Celebrating culture and community this World Social Work Day

This World Social Work Day, Department of Human Services’ staff member, Yasmin, reflects on why she became a social worker.

“Over the years, I’ve seen many people living in poverty and homelessness, with chronic health issues and unresolved inter-generational trauma,” Yasmin said.

“That’s made me very socially conscious and gravitate towards work that helps people meet their basic human needs.”

Yasmin’s background is Arrernte, Mudburra and Arabana, as well as Irish and Afghani tracing back to train line workers and cattle drovers across the Northern Territory. She spent her childhood in Alice Springs where she developed a strong desire to support others.

“Growing up in Alice, I wasn’t in the most privileged position but I always had a roof over my head and food in my belly,” Yasmin said.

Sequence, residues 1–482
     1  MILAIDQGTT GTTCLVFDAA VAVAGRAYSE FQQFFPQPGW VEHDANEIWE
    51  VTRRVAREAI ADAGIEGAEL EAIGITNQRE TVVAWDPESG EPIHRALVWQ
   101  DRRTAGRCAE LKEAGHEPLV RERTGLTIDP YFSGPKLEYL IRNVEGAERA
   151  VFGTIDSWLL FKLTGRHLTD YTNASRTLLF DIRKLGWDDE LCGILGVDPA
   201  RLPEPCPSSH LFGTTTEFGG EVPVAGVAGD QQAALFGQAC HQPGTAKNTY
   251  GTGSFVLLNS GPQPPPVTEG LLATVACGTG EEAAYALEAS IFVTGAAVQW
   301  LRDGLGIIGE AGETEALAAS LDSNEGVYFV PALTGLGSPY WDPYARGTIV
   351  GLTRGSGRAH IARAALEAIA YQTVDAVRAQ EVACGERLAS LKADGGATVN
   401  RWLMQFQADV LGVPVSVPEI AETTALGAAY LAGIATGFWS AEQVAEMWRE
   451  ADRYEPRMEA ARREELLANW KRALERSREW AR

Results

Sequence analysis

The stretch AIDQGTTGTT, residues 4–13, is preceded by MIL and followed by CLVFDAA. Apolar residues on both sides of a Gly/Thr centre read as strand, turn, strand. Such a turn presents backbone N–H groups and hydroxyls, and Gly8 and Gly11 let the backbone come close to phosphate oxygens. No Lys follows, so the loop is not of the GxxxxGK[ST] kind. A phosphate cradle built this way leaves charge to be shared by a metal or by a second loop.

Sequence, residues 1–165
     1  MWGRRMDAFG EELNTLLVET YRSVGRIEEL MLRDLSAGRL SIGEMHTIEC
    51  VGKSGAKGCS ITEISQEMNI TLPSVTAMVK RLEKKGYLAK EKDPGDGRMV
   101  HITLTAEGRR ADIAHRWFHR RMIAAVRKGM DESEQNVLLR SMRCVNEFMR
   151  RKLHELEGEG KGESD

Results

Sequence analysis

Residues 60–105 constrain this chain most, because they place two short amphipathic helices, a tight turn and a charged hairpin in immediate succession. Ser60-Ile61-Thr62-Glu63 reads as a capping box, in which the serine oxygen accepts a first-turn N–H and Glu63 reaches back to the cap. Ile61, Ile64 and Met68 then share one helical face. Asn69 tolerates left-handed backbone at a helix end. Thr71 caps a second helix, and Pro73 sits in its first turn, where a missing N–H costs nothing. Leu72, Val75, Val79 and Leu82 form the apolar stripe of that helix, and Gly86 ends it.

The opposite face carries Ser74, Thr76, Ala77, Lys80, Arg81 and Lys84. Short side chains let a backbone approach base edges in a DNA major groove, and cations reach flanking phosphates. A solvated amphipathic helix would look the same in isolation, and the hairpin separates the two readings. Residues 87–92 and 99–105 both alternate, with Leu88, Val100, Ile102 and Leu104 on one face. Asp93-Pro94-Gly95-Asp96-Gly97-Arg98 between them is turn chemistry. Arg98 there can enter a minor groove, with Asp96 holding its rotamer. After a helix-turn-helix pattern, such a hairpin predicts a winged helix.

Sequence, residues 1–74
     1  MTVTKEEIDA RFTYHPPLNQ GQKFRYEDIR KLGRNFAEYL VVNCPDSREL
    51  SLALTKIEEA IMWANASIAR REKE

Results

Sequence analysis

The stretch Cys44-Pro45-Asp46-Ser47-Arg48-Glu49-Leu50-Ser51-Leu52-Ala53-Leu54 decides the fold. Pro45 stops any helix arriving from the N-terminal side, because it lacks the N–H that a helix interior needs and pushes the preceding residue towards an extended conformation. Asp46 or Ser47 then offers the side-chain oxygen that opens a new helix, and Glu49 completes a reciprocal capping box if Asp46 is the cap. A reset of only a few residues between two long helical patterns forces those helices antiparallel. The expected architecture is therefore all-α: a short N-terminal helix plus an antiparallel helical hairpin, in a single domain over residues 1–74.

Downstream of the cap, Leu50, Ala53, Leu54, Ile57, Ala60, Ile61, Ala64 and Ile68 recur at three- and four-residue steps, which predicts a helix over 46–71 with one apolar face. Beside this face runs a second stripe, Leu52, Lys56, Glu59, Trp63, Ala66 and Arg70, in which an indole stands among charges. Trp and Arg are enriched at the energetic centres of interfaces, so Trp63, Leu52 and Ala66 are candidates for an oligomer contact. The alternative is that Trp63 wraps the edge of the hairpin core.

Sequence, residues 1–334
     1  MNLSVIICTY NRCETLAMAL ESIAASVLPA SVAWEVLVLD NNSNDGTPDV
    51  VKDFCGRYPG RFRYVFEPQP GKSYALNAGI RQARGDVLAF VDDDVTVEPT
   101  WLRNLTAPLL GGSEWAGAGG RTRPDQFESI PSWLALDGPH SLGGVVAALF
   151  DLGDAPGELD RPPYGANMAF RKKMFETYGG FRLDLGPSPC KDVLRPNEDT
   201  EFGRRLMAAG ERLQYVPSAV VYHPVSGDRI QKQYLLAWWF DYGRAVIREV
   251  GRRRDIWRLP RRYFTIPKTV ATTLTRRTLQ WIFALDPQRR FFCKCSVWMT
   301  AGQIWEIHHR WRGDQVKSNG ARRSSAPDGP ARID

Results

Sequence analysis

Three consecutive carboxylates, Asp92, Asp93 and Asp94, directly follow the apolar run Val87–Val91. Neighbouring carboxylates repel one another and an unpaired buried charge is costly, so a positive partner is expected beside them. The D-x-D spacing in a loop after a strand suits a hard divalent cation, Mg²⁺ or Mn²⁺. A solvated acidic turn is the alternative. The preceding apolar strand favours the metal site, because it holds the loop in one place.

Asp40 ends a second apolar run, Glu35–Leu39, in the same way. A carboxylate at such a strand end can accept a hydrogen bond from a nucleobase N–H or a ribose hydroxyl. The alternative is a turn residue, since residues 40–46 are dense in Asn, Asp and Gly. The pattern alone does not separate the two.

Yasmin joined the department as a cadet in 2011 and has been in a social worker role for four years. She’s also a member of the National Indigenous Social Work Group, which was formed by the department’s social workers in 2009 to improve recruitment and retention of Indigenous social workers.

“The group aims to promote culturally safe and responsive social work practices with Aboriginal and Torres Strait Islander people, and inspire our social work colleagues and the broader organisation to truly hear and understand their voices,” Yasmin said.

“While all the department’s social workers strive to understand the cultural responsibilities and barriers impacting people they serve, Indigenous social workers can provide vital insight and knowledge from our own lived experiences of culture, kinship and connection to country.

“Whenever we can, we try to extend our knowledge and provide other staff opportunities to learn and adapt a more culturally competent service.”

Yasmin has high hopes that Aboriginal and Torres Strait Islander representation will continue to grow in social work services.

“I can’t recommend this line of work enough,” she said. “It’s so rewarding to help people recognise their own resilience and resourcefulness and take back control of their situation.

“The more Indigenous social work perspectives we have in the department, the better.”

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